Originally Posted by Wolfferino
Honestly I timings is a bit beyong my level of overclocking, I've copied some working 4000mhz profiles (for other RAM's) and went with higher latency.
As soon as I start the computer it dies, within 0.5 seconds from turning the power button. Usually it restarts every 5 seconds or so, sometimes it takes longer but never long enough for me to see the boot logo. Until the computer recognizes there is something wrong and I can access bios again..
The voltage, tried as far as 1.42. Same results..
Is that a dump of the information that is needed to make an evaluation? I understand you need a lot of patient to deal with someone who is learning, like me..
That screenshot is helpful, but not yet enough. That shows what the XMP profile is for both 3600 and 4000. Are you choosing those specific profiles in the BIOS? Is it stable at 3600? But won't boot at 4000 - is that what you're saying?
I want to see the actual memory timings you are running with at 3600. Go to this page
and download and install the Timing Configurator ver:4.0.4. Then, run it at whatever speed it is stable at and capture a screenshot and post here.
It would be best if we can see the timings for a speed that is stable and then you can tell us what you tried at 4000 that wouldn't even boot. If you just selected the XMP profile for 4000, tell us that. If you changed any of the main timings and set the speed at 4000, tell us that. We need to know exactly what you're doing and what works and doesn't work. When you just tell us "doesn't work at 4000", that isn't enough for us to know what does and doesn't work to know what to suggest next.
Without knowing what you've already done, this would be my suggestion.
First, run at 3600 by selecting that XMP profile in the BIOS and leaving all other memory-related settings on "auto". Test stability with RAMTest to 4000% or four full passes of PassMark's MemTest86 (all tests, sequential CPUs, not running in parallel mode or run 30 mins of stress with Google StressAppTest or you can use HCI MemTest (I don't know the settings for that to be confident in stability). We need to know it's stable at 3600 before we make any assumptions about those timings when trying 4000.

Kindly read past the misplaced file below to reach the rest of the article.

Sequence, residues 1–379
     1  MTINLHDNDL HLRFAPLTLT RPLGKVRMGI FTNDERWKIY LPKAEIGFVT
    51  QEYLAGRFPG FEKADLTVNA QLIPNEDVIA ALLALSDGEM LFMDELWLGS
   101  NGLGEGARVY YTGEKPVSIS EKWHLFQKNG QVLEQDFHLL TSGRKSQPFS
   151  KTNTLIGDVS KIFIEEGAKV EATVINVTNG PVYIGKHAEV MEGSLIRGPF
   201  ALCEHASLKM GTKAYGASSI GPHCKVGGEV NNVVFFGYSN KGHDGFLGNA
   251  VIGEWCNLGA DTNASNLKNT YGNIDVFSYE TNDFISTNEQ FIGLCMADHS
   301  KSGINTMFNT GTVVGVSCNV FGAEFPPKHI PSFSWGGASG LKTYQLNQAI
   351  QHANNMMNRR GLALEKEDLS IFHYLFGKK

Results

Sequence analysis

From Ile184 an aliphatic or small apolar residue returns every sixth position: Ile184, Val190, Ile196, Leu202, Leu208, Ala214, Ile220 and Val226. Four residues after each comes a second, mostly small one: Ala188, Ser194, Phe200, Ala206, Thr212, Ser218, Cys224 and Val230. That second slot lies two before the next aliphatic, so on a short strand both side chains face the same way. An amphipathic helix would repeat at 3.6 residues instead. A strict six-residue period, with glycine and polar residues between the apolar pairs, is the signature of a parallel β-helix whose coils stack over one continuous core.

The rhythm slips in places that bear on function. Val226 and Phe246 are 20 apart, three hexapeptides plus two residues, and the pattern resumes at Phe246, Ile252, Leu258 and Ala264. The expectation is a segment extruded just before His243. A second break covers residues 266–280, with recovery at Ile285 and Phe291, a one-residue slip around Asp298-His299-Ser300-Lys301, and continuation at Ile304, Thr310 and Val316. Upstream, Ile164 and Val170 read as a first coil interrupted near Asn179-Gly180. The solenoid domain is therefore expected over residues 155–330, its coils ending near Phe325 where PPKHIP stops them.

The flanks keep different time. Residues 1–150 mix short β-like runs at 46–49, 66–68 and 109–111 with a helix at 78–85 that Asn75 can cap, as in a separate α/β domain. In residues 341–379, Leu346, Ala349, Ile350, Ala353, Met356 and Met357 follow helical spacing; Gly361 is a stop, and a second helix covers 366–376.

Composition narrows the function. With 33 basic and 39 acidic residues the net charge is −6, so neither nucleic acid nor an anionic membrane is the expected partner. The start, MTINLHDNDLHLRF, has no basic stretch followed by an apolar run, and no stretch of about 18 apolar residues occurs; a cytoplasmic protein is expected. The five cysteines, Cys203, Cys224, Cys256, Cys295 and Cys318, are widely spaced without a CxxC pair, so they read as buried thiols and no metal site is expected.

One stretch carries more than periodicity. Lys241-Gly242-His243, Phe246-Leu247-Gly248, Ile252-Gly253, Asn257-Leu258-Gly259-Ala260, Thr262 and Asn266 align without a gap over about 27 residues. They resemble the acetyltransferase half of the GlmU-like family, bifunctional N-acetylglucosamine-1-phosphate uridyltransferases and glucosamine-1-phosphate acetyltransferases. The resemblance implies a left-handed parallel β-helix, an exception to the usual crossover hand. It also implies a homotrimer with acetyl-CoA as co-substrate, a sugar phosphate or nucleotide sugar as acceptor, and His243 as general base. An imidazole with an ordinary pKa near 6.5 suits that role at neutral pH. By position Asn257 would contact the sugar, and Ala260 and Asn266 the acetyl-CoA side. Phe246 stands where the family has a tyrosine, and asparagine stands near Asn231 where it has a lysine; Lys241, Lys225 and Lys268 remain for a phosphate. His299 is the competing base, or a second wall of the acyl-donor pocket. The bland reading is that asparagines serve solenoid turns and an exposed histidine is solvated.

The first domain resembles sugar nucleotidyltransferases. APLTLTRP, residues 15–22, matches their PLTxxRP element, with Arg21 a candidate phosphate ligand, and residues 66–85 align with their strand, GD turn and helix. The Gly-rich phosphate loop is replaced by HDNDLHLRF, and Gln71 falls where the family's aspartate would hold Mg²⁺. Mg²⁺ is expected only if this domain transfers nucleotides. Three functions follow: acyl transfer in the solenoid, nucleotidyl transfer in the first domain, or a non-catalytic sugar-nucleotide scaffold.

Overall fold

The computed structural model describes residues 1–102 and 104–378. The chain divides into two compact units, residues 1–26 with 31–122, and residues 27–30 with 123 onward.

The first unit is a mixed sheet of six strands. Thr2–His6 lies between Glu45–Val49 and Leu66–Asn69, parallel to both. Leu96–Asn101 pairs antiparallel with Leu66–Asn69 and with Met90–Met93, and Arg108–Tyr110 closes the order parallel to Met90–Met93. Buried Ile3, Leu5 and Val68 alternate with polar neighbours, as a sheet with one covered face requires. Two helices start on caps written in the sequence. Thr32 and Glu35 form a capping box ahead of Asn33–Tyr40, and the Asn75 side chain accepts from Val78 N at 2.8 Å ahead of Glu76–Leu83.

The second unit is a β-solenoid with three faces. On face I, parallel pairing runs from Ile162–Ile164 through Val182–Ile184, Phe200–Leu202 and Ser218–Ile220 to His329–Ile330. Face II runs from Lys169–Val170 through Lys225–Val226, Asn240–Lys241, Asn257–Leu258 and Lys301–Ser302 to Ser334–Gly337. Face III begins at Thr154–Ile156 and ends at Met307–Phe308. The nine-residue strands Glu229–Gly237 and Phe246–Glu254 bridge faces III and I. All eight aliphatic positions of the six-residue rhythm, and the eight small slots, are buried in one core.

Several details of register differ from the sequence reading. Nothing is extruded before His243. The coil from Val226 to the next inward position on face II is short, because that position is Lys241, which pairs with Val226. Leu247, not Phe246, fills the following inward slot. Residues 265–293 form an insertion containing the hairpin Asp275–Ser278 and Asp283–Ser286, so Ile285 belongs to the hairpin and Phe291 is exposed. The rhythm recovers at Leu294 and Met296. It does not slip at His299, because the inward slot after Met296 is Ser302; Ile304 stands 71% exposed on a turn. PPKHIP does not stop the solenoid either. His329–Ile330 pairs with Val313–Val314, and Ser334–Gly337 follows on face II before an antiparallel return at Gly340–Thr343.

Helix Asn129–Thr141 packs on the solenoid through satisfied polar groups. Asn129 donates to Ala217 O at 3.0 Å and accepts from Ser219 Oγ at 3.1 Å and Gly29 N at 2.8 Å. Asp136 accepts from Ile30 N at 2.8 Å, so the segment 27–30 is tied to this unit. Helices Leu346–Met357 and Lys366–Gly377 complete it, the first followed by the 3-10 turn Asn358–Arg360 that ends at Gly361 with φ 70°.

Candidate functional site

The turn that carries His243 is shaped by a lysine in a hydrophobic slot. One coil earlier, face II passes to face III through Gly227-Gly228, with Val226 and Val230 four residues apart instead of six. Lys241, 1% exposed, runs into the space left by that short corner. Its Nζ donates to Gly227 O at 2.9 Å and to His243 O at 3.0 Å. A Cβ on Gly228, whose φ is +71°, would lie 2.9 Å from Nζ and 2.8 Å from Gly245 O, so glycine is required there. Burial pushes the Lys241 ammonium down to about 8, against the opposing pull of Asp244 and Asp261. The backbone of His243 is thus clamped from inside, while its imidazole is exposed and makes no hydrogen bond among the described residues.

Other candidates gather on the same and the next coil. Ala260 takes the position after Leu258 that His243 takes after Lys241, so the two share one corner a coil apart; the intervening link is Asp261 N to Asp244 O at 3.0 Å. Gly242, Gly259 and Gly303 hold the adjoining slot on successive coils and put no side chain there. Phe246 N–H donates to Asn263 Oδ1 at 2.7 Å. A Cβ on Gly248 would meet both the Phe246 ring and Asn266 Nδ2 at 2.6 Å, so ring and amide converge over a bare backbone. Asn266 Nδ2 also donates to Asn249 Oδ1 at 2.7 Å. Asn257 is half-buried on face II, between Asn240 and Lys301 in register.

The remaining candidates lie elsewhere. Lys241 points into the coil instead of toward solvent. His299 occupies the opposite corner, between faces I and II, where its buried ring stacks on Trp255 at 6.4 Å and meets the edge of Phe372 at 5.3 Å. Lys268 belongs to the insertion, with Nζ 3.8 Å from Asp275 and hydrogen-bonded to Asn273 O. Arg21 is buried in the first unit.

Then, with nothing else running in the background (check in task manager to make sure nothing else is using more than 0.5% of the CPU) run AIDA64 Extreme, goto Tools/Cache and Memory Benchmark and select Start Benchmark. After that finishes, grab a screenshot and save it. You will want to compare this to whatever you get when you get it stable at 4000 to see which is actually faster.
Then, run the ASRock Timing Configurator and grab a screenshot of all the timings at 3600MHz.
Then, select the XMP profile for 4000MHz. Make sure VCCIO 1.25V, VCCSA 1.25V, DRAM voltage 1.42V. Attempt to boot and report back what happens.
If it won't boot, you can raise the DRAM voltage to 1.45V and try again. Report what happens.
If it still won't boot, then trying changing the primary timings from 19-21-21-42 to 20-22-22-43 and try again.
If you get it to boot anywhere in here, do one of the above memory tests to see if you're stable. If you are stable, then run the AIDA64 memory benchmark again and report all the results back here.
If these minor tweaks won't get you stable at 4000, then you may want to return your memory as it won't give you what it was advertised to give you.
FYI, if I go to Kingston's site, I don't see your memory listed as certified for your particular motherboard. This seems to be the list
. I do see that memory listed on the QVL for your motherboard
and ASUS lists it for the 4000MHz speed and timings.